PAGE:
Shannon L. Carto, Nick Eyles, 2011. "The Squantum Member of the Boston Basin, Massachusetts, USA", The Geological Record of Neoproterozoic Glaciations, Emmanuelle Arnaud, Galen P. Halverson, Graham Shields-Zhou
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The Neoproterozoic diamictite-bearing Squantum Member is located in the Boston Basin in eastern Massachusetts, USA. The Boston Basin forms part of the Avalonia island arc terrane (c. 650 Ma), and appears to have originated as a rift-type basin in an extensional setting along the northern margin of Gondwana, although its exact position is debated. Inferred palaeoenvironmental reconstructions of the Boston Basin have alternated between a fluvial basin where ice played a major role in transporting much of the coarse material and an evolving marine basin dominated by non-glacial subaqueous mass flow, submarine fans and turbidity-current deposition.
The age of the Squantum is bracketed between c. 595 and 570 Ma, and is correlated by some to the glaciogenic diamictite succession of the Gaskiers Formation (eastern Newfoundland) as part of the putative global Gaskiers Glaciation c. 582–585 Ma. However, the Squantum Member consists of diamictite, graded sandstone and siltstone units, and fine-grained laminated argillite/mudstone units typical of debris flow and turbidite facies that accumulate in a submarine setting. A glacial influence is not readily identified and revolves around early interpretations of the diamictite as being ‘till-like’, the presence of laminated horizons that resemble glaciolacustrine ‘varvites’ and the disputed recognition of ice-rafted dropstones. There are no associated carbonates and, consequently, no geochemical data are available in connection with the Squantum Member.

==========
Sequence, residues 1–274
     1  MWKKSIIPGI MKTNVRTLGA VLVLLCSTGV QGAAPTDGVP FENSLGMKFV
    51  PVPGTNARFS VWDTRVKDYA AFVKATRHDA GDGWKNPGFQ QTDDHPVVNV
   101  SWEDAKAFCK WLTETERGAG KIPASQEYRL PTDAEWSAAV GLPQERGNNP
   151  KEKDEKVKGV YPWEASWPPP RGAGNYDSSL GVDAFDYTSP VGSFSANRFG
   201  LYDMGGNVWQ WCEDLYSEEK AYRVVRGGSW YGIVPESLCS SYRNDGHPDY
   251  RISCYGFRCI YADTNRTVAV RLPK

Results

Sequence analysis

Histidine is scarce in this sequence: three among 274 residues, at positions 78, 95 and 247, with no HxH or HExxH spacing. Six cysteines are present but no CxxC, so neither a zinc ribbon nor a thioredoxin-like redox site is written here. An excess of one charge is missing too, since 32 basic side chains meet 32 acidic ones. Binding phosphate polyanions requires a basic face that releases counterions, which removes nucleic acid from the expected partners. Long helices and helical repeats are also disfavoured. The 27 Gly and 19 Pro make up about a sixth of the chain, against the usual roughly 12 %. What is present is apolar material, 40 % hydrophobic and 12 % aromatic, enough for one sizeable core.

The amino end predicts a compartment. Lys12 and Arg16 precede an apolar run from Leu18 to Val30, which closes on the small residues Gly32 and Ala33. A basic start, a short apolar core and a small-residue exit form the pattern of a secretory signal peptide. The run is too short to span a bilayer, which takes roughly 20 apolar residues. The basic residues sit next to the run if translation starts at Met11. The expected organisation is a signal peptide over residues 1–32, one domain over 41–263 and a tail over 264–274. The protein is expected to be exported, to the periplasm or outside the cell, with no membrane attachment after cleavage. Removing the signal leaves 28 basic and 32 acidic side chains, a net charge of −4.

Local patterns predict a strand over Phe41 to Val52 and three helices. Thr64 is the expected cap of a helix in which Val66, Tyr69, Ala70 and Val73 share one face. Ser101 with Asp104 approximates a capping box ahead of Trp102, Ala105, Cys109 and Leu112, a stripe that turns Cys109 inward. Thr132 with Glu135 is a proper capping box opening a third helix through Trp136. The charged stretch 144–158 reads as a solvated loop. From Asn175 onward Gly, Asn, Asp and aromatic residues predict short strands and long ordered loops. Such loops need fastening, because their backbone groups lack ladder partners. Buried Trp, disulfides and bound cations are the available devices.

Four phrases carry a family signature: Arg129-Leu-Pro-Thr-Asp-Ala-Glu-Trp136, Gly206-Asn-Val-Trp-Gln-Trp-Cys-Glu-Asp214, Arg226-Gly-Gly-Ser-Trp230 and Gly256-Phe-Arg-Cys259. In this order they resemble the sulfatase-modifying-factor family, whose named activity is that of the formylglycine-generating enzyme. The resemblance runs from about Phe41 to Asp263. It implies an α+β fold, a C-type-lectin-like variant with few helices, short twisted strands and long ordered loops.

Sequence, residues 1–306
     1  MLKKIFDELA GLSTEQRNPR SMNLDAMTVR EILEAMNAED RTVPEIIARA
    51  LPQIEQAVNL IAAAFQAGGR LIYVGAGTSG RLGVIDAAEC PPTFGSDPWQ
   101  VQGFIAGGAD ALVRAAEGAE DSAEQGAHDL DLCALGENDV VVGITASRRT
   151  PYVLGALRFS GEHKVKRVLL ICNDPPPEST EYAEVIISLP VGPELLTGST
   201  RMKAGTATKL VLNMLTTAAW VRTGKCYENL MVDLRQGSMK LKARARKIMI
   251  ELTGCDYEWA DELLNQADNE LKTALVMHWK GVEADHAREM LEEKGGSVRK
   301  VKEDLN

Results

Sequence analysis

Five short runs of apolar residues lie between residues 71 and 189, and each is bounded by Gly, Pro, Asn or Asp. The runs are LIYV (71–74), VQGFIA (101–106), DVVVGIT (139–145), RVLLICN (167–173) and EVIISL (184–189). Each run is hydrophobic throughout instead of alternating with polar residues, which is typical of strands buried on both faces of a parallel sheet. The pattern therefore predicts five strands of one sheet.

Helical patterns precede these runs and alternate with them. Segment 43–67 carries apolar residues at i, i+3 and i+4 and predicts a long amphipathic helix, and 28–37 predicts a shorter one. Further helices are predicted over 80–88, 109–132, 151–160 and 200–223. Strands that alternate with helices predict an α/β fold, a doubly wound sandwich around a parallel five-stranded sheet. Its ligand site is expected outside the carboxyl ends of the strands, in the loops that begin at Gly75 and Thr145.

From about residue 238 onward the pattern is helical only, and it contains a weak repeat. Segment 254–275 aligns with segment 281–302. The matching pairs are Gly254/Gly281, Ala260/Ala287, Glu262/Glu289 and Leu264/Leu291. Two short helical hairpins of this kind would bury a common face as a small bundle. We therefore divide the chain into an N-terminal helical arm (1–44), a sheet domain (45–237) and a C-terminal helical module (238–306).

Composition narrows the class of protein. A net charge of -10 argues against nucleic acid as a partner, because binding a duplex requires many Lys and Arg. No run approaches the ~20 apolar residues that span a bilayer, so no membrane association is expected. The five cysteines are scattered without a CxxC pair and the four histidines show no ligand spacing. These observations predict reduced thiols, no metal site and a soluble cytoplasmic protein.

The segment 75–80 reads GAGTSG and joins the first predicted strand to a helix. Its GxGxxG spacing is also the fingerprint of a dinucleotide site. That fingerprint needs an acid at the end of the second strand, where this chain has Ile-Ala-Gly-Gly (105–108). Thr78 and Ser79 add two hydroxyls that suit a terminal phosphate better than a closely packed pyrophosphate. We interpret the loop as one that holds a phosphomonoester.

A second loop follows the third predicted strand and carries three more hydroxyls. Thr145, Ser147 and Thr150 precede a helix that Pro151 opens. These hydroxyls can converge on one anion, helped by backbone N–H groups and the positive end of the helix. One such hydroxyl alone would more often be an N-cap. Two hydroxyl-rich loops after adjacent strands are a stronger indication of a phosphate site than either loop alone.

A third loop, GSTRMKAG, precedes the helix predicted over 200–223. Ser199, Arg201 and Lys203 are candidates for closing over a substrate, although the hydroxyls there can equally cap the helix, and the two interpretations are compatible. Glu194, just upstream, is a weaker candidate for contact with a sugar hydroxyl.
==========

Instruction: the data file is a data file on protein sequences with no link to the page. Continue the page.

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The Geological Record of Neoproterozoic Glaciations
In recent years, interest in Neoproterozoic glaciations has grown as their pivotal role in Earth system evolution has become increasingly clear. One of the main goals of the IGCP Project No. 512 was to produce a synthesis of newly available information on Neoproterozoic successions worldwide similar in format to Hambrey & Harland’s (1981) Earth’s pre-Pleistocene Glacial Record. This Memoir therefore consists of a series of overview chapters followed by site-specific chapters. The overview chapters cover key topics including the history of research on Neoproterozoic glaciations, identification of glacial deposits, chemostratigraphic techniques and datasets, palaeomagnetism, biostratigraphy, geochronology and climate modelling. The site specific chapters for 60 successions worldwide include reviews of the history of research on these rocks and up-to-date syntheses of the structural framework, tectonic setting, palaeomagnetic and geochronological constraints, physical, biological, and chemical stratigraphy, and descriptions of the glaciogenic and associated strata, including economic deposits.